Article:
The government is to introduce its long-awaited Online Safety Bill in Parliament on Thursday.

The bill is intended to tackle a wide range of harmful online content, such as cyber-bullying, pornography and material promoting self-harm.

Social networks could be fined or blocked if they fail to remove harmful content, and their bosses could be imprisoned for a lack of compliance.

Labour said the bill’s delays meant disinformation in the UK was growing.

The bill’s regulator Ofcom will have the power to request information from companies, and executives who do not comply could face up to two years in prison within two months of the bill becoming law.

Senior managers would also be criminally liable if they destroyed evidence, did not attend an Ofcom interview, provided false information, or otherwise obstructed the regulator from entering offices.

Any firm breaching the rules would face a fine of up to 10% of its turnover, while non-compliant websites could be blocked entirely.

Culture Secretary Nadine Dorries said the bill meant tech firms weren’t left to “check their own homework”.

“Tech firms haven’t been held to account when harm, abuse and criminal behaviour have run riot on their platform,” she said.

One of the new aspects of the bill is the introduction of a “right to appeal” for people who feel their social media posts have been taken down unfairly.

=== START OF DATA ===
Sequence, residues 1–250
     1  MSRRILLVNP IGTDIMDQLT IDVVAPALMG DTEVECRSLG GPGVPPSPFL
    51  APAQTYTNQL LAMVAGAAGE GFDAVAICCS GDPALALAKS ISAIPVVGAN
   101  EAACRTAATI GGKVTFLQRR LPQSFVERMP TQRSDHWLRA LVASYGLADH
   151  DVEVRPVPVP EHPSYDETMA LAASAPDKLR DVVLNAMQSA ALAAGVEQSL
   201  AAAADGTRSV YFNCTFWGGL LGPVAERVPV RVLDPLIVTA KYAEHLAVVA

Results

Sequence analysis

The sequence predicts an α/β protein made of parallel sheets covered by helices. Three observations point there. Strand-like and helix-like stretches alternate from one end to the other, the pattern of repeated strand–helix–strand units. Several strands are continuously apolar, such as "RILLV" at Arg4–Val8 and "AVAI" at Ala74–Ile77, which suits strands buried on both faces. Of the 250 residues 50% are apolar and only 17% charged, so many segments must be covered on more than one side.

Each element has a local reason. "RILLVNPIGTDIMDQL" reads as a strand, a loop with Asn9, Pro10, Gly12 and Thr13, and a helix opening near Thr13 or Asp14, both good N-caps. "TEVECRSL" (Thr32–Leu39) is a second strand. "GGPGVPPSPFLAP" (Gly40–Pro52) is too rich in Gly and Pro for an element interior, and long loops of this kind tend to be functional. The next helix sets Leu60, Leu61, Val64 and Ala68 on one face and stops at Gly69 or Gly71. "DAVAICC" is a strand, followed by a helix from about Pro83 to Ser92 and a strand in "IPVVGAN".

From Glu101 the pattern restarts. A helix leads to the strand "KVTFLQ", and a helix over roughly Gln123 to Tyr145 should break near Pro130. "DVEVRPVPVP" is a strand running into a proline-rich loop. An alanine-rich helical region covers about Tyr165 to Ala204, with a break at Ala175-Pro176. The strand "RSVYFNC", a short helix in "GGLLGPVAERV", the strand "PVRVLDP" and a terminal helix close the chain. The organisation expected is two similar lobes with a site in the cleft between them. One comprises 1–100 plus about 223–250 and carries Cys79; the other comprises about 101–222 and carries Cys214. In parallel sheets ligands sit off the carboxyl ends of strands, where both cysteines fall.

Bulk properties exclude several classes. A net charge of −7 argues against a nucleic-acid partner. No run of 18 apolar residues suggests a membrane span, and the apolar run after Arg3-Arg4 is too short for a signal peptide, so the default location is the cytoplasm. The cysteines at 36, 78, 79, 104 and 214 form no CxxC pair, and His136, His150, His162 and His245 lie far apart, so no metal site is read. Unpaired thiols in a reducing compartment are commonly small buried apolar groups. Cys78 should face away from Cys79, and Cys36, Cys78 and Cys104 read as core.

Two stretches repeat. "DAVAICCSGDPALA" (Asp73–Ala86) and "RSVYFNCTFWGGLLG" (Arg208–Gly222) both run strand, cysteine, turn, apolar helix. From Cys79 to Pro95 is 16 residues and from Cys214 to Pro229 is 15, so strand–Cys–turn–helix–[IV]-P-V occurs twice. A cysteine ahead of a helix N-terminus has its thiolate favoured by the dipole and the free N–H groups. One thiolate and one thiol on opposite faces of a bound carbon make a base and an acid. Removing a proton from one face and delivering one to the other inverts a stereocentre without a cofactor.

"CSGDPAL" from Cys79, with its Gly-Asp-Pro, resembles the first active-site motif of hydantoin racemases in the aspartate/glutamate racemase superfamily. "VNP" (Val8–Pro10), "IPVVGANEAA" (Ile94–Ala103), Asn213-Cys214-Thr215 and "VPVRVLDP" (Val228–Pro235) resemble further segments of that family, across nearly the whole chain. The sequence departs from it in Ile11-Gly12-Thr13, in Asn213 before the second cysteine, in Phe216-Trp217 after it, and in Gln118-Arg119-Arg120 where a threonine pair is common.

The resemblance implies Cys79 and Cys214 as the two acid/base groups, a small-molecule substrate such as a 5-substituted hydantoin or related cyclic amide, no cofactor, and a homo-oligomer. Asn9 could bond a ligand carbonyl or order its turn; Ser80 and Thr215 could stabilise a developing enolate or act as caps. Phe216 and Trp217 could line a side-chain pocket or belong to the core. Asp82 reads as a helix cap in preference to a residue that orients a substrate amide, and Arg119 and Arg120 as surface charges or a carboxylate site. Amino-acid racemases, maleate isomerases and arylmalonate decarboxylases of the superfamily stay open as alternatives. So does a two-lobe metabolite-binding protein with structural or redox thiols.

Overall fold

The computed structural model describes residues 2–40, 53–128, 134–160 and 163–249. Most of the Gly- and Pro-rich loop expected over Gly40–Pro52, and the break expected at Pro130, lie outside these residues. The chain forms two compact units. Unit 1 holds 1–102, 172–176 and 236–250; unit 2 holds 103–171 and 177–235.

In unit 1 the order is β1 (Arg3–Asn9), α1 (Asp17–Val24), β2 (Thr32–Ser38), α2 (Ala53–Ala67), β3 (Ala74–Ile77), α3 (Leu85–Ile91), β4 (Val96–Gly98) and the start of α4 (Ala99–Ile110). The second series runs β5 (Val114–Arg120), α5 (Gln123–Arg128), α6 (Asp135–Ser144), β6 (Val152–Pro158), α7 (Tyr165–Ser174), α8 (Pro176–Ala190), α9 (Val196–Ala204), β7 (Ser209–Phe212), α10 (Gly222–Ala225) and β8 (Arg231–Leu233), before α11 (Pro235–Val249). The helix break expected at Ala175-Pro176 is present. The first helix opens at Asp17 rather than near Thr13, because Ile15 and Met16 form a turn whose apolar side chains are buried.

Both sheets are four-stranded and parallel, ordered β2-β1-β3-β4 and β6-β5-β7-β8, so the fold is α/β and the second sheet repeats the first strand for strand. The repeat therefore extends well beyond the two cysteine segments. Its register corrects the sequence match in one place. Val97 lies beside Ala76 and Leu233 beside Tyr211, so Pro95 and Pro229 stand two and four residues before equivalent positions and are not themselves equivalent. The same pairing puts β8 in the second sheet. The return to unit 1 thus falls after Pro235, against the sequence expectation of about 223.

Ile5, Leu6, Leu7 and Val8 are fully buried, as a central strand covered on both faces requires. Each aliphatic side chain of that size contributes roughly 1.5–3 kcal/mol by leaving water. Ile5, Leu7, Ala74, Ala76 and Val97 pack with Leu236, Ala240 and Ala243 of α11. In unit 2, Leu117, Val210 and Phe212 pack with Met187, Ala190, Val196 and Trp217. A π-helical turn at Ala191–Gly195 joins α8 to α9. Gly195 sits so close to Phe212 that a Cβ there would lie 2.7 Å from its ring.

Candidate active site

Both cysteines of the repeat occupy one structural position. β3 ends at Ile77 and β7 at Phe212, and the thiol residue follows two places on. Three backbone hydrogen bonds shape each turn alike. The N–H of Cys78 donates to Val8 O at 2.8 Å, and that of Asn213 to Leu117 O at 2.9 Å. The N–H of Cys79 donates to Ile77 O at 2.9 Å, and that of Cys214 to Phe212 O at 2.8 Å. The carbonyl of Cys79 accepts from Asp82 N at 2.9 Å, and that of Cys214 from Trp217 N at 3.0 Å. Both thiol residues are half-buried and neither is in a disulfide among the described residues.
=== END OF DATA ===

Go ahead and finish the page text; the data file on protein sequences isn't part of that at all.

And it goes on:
Big social media companies will be required to assess risks of the types of legal harms against adults which could arise on their services, and will have to set out how they will deal with them – and enforce these terms consistently.

Definitions of these legal harms will be set out in additional legislation, but potential examples could include material promoting self-harm, eating disorders or harassment.

The legislation has taken some time to reach the stage where a bill is now to be laid before Parliament.

Here’s a timeline of how it evolved:

In the beginning

An Online Harms White Paper was first introduced in April 2019 by the Conservative government – then led by Theresa May.

It proposed a single regulatory framework to tackle a range of harms.

At its core was a duty of care for internet firms to tackle harmful content, with an independent regulator (later designated to be Ofcom) set up to oversee and make sure they were complying.

While children’s charities, such as the NSPCC, welcomed the move, others felt that the term “harms” was insufficiently defined.

Privacy organisations such as the Open Rights Group warned that the bill could threaten freedom of expression.

Content scrutinised

The name had changed to the Online Safety Bill when a draft version was included in the Queen’s Speech last May, and published the following day.

A joint committee made up of MPs and members of the House of Lords was set up two months later, tasked with scrutinising its content.

Among its key recommendations, published in December 2021, were:

  • all pornography sites should have duties to stop children from accessing them
  • individual users should be able to complain to an ombudsman when platforms did not meet their obligations